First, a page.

Critics Decry Naming Of LAPD Building For Ex-Chief

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The old TV series Dragnet paid homage to the Los Angeles Police Department, headed up by the iconic chief William H. Parker. His LAPD was immortalized by its most famous TV sergeant, Joe Friday.

"You're a cop, a flatfoot, a bull, a dick, John Law, you're the fuzz, the heat. You're poison, you're trouble, you're bad news," Friday famously said in one episode." They call you everything. But never a policeman."

Friday's pokerfaced image personified the real life style of William Parker, who rose through the ranks to become L.A.'s police chief for 16 years.

"The model of 'just the facts, ma'am' and the structure and uniform, that is a carryover from the Parker and how he established LAPD," says ex-Police Chief Bernard Parks, who became an LAPD cop in 1965, the year before Parker died on the job.

Since the 1960s, the LAPD has operated from Parker Center, a downtown building named after the late chief. Parks, now a city council member, made a controversial proposal to put Parker's name on the new $437 million headquarters now under construction. Parks recalls how his former boss initiated a professionalized, even militaristic force, to clean up the city and its police.

"Before he became chief, the city was one of most corrupt cities in the United States," he remembers. "You could become sergeant with several hundred dollars, you could buy that position. You could buy the lieutenant's position. He corrected all that in his era."

Parks says Parker set up an internal affairs division, and integrated black and white officers to patrol the city together.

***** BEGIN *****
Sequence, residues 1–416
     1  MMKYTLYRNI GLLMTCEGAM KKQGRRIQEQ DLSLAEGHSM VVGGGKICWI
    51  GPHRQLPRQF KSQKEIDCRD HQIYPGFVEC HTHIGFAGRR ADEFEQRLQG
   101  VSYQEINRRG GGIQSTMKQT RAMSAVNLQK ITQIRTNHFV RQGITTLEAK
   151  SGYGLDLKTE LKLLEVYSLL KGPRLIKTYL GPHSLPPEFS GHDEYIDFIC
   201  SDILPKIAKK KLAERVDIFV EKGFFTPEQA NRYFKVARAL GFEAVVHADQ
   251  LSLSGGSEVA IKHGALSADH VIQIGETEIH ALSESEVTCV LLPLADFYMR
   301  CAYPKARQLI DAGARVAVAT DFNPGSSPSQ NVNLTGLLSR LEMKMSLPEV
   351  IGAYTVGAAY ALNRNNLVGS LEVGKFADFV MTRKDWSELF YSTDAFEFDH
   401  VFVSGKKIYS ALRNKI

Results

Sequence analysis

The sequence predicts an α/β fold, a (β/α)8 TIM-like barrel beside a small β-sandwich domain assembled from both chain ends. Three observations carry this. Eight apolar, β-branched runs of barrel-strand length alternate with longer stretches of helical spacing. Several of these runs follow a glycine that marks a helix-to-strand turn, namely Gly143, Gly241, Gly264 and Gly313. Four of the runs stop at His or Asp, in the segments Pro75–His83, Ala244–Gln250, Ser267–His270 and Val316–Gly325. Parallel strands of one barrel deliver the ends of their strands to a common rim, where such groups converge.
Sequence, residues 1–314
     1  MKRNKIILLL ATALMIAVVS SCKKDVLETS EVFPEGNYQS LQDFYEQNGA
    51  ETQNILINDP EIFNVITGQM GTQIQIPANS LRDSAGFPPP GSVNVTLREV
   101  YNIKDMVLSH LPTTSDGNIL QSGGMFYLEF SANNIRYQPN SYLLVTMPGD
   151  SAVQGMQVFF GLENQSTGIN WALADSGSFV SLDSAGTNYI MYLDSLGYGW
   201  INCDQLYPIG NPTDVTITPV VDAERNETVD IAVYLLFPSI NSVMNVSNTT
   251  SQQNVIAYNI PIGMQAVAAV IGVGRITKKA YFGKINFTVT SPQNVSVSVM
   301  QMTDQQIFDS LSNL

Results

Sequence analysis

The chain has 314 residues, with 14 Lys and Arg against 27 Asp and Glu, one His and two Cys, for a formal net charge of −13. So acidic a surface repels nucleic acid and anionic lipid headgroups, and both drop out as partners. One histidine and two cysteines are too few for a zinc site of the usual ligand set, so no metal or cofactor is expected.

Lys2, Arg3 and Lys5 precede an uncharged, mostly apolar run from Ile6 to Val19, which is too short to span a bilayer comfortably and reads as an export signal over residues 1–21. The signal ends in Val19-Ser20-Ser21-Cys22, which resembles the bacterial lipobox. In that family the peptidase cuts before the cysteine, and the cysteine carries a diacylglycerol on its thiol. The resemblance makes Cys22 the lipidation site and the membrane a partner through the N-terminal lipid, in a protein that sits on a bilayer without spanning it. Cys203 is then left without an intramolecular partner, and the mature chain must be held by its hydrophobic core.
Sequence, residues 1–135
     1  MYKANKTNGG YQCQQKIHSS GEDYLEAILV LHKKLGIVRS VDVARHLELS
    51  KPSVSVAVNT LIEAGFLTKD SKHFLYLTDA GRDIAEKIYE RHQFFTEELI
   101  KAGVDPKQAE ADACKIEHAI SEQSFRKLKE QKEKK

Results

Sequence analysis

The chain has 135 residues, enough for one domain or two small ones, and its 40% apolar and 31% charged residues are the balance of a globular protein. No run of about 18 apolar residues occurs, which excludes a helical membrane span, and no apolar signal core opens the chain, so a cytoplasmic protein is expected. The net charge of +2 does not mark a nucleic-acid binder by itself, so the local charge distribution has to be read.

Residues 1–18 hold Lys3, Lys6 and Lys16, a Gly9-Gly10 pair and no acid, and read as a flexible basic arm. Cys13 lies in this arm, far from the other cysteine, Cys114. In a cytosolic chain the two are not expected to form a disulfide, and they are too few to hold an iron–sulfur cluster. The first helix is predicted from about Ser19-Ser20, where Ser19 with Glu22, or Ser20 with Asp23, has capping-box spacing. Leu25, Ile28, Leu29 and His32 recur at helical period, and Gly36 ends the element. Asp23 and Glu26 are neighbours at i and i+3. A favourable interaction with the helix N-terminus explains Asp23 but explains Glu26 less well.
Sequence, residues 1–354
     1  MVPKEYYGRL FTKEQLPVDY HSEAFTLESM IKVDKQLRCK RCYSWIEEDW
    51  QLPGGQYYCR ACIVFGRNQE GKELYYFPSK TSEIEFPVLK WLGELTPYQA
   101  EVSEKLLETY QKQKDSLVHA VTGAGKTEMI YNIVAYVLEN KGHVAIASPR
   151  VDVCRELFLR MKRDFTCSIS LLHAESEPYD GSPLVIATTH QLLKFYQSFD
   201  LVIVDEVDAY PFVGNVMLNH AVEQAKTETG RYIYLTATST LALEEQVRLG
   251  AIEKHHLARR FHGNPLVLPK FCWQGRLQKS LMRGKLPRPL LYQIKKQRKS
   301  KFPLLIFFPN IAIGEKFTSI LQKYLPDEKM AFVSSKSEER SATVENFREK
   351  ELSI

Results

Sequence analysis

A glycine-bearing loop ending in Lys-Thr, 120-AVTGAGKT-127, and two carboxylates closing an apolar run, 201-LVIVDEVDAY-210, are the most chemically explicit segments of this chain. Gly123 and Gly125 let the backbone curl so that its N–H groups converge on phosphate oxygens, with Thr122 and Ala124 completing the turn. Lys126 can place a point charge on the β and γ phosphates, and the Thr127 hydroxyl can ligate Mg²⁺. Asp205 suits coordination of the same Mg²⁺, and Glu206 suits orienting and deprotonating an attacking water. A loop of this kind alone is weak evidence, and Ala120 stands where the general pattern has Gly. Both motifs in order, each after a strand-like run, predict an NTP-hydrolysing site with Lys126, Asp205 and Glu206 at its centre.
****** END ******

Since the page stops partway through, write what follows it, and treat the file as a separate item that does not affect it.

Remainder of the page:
But many who lived in L.A. in those days remember a darker side of William Parker, a man who was quoted calling black folks "monkeys" and referring to Latinos from the "wild tribes" of Mexico. A new documentary "LAPD: Transforming the Dream" includes footage of Parker talking about L.A.'s African American residents:

"They came in and flooded a community that wasn't prepared to meet them, despite the fact that we got all this relief money going in there," Parker said. "We didn't ask these people to come here."

"William Parker was a racist," says political analyst Earl Ofari Hutchinson, who grew up in L.A. He says the chief's attitudes and policing style helped fuel the Watts riots in 1965.

"When you heard Chief Parker talk, it was almost you heard ropes, crosses, white sheets, a hard-bitten, Jim Crow, plantation mentality," says Hutchinson. "This man had total contempt for the African-American community."

There were similar recollections from residents when the city council debated naming the new headquarters after William Parker.

"He created a philosophy of it's us against them. The us was the police department, the them was the citizenry," recalled one former judge.

"My tios when they used to see a Black and White [police car], used to run and hide behind the house," said a longtime resident.

"They would come in the neighborhood and everyone would scatter," said city council member Herb Wesson. "But it's not like that today."

Wesson, echoed many others who said today's LAPD is far more community-oriented, less abusive than in the old "Dragnet" days. Even the police department's harshest critics praise the current chief, William Bratton, for transforming the LAPD.

"Did you ever see Joe Friday ever put his arm around a victim?" asks Bratton, adding that his officers are much more sympathetic. "Just facts ma'am. The police department of the Parker era, he coined the phrase 'the thin blue line.' It was the idea, leave us alone we'll take care of business and you the public really have nothing to do with how we take care of business. That's certainly not how we look at policing today."

The city council passed the renaming question into committee. So when LAPD's new building opens this summer, it'll simply be called Police Headquarters.



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